The trace elements (Cu, Fe, Mn, Zn) act as catalysts in enzymatic and hormonal processes. Zinc acts as a co-factor for many enzymes, and has an essential role in cell proliferation, immune functioning, growth and reproduction.
At the same time, zinc is involved in the synthesis of the structural proteins collagen and keratin and protects against oxidative stress. Copper is also involved in a wide range of health and performance-related functions. In addition, an adequate supply of manganese is necessary for bone development, both in embryos and living animals, while iron plays an important role as the central atom of hemoglobin.
THE STABLE CHELAT-COMPOUND
The combination of one of the trace elements with an organic molecule (amino acids/glycine) forms a chelate, which has improved bioavailability in the gastrointestinal tract (GIT) and subsequently in the metabolism. The stable chelate protects the trace element from antagonistic complexes with other feed components in the GIT.
MAXCHELAT is produced in an innovative complexation process and generating a very stable compound within the GIT. In this process, the trace elements (Cu, Fe, Mn, Zn) are complexed with the smallest amino acid glycine in a solid-state reaction process to form an organic compound with a high metal content.
T1: Improvement of environmental balance in analyzed manure samples of fattening pigs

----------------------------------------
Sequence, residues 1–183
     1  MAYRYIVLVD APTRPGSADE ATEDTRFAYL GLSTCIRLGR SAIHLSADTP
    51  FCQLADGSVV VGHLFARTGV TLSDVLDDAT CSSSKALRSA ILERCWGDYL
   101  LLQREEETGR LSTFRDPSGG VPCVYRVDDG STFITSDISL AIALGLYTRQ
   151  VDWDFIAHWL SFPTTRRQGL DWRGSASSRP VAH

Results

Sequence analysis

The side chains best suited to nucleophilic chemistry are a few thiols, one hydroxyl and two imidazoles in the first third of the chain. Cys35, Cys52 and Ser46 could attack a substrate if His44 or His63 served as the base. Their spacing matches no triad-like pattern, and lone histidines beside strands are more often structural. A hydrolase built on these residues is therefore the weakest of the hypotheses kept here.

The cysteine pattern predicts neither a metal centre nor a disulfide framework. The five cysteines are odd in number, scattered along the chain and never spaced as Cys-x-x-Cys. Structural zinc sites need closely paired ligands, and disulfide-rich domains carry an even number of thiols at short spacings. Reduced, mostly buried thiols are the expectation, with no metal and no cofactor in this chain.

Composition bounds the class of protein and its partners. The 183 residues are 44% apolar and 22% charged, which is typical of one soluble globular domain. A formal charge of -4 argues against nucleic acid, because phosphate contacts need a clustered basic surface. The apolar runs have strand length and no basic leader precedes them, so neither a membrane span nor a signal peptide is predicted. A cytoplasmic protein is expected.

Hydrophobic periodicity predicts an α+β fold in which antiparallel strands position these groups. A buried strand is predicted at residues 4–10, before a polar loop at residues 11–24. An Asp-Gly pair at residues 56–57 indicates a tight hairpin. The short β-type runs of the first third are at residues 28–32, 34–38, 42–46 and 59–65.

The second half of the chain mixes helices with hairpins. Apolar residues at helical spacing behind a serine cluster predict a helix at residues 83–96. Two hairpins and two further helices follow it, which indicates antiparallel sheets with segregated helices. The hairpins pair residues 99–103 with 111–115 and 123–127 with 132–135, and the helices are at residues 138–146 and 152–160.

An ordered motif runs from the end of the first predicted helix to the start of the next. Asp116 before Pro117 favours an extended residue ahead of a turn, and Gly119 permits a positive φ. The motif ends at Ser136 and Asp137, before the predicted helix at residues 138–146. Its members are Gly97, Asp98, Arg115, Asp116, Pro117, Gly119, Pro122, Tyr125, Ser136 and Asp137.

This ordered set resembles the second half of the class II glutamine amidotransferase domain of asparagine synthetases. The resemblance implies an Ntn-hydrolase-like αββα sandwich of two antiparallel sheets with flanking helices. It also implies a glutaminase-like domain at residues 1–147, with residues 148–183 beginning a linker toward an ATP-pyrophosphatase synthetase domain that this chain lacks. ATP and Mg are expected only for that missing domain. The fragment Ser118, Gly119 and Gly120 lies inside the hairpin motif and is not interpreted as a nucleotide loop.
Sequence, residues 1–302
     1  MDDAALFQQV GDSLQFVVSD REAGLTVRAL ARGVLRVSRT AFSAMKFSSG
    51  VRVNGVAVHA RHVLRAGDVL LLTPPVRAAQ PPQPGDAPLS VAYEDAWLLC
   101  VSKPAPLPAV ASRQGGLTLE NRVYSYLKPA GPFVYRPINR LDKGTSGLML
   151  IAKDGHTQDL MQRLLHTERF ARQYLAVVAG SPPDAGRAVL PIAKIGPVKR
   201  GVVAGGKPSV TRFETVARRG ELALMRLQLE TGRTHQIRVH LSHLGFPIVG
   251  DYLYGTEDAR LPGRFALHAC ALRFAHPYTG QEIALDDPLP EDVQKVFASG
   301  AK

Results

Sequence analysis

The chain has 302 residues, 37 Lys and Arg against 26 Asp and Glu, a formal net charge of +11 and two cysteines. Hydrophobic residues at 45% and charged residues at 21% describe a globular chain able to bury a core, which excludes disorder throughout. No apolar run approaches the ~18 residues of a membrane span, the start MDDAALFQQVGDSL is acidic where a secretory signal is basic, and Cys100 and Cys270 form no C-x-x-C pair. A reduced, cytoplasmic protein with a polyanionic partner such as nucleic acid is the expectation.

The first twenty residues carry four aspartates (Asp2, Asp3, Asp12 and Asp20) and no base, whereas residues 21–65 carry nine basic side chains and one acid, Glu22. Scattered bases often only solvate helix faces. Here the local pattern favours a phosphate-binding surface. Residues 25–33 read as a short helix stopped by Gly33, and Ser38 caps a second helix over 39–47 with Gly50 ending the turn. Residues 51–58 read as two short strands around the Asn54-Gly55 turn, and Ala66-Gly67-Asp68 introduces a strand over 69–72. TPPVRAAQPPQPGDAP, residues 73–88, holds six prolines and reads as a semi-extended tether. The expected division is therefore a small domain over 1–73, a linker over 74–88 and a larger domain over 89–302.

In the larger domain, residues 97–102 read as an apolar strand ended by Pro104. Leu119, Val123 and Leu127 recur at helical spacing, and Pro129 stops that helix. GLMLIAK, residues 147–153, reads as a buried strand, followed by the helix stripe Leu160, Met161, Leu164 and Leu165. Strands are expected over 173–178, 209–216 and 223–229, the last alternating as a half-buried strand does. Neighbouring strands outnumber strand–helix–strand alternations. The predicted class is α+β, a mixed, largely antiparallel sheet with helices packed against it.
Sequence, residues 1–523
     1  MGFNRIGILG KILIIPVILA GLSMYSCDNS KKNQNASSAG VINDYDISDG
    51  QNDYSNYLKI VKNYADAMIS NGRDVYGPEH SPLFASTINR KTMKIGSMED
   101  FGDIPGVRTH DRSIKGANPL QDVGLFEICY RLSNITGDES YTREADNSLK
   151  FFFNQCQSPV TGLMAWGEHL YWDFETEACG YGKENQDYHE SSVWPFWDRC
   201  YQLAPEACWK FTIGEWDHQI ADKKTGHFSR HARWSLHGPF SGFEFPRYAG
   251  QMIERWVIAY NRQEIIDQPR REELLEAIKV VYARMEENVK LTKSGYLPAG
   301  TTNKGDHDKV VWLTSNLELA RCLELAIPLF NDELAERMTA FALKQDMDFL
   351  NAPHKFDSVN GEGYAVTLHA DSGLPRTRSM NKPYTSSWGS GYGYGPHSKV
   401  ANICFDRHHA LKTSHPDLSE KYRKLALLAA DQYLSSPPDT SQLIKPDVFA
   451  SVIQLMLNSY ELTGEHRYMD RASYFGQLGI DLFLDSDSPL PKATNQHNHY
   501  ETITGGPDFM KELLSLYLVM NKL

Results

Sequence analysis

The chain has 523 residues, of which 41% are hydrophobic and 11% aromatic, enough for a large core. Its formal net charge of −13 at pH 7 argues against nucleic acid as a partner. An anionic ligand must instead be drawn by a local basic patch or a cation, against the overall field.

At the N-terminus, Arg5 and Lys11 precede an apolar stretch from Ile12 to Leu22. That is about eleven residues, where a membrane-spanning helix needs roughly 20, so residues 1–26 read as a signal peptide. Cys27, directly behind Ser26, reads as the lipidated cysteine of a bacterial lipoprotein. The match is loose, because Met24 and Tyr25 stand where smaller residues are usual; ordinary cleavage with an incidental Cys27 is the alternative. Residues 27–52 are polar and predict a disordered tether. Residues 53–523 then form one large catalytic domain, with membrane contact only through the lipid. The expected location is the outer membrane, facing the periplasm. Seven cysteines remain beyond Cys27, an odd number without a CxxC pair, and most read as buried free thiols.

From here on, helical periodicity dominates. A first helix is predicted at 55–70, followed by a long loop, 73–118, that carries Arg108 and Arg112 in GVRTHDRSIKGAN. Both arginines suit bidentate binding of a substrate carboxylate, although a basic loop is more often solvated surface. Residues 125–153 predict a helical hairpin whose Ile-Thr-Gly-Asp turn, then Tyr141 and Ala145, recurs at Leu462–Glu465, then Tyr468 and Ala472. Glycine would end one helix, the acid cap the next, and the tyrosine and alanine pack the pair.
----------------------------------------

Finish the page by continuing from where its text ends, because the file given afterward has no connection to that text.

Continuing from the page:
Trial setup: n = 192; Pi x (DL x DE); 30 – 120 kg weight; Group A: Zn 112ppm, Cu 21ppm; Group B: Zn 43ppm, Cu: 12ppm
Group A (Control)
Group B (MAXCHELAT)
Nitrogen (total) g/kg
(Source: ISF, 2021)
The high trace element contents of our MAXCHELAT products allow a reduced dietary inclusion rate compared to inorganic trace elements. At the same time, trace element excretion is also minimized because of the greater absorption rate of MAXCHELAT. A study (see table 1) was conducted investigating the effect of feeding diets formulated to meet the requirements on fecal excretions and the zootechnical variables of fattening pigs (n = 192, Pi x (DE x DL)). While the control group was fed inorganic trace element sources (Zn: 112mg/kg, Cu: 21mg/kg diet), the experimental group received a lower trace element content, composed of organic MAXCHELAT Zn and Cu (Zn: 43 mg/kg, Cu: 12 mg/kg diet). The excretion of the trace elements copper and zinc were lower in the experimental group by up to 57% and 62%, respectively, compared to the control group (see table 1). Feeding to the optimum requirement is feasible because of the greater bioavailability of MAXCHELAT. The results demonstrate that a sustainable feeding concept reduces zinc and copper excretion without negative effect on zootechnical variables.